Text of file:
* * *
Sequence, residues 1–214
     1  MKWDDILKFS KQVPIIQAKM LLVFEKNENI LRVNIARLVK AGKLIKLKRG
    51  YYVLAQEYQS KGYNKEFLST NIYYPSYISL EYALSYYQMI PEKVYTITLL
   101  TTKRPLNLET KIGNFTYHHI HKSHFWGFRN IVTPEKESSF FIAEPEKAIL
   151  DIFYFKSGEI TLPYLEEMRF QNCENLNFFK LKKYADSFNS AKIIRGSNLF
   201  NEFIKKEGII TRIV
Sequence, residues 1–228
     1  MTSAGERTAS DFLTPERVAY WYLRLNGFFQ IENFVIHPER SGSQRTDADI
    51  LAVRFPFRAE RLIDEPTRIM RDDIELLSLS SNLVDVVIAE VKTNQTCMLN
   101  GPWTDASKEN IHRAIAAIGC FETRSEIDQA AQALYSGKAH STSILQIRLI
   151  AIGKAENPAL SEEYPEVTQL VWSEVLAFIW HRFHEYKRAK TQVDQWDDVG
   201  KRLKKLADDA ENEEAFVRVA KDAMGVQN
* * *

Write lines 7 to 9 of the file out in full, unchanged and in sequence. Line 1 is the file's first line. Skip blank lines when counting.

Sequence, residues 1–228
     1  MTSAGERTAS DFLTPERVAY WYLRLNGFFQ IENFVIHPER SGSQRTDADI
    51  LAVRFPFRAE RLIDEPTRIM RDDIELLSLS SNLVDVVIAE VKTNQTCMLN